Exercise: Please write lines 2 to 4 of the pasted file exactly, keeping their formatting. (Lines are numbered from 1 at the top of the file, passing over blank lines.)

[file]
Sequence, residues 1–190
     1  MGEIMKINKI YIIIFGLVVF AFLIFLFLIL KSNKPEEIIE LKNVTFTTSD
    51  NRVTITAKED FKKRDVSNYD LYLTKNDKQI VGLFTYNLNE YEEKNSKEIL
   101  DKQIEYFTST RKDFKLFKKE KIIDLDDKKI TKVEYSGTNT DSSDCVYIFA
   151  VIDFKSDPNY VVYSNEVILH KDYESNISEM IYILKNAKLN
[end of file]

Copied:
     1  MGEIMKINKI YIIIFGLVVF AFLIFLFLIL KSNKPEEIIE LKNVTFTTSD
    51  NRVTITAKED FKKRDVSNYD LYLTKNDKQI VGLFTYNLNE YEEKNSKEIL
   101  DKQIEYFTST RKDFKLFKKE KIIDLDDKKI TKVEYSGTNT DSSDCVYIFA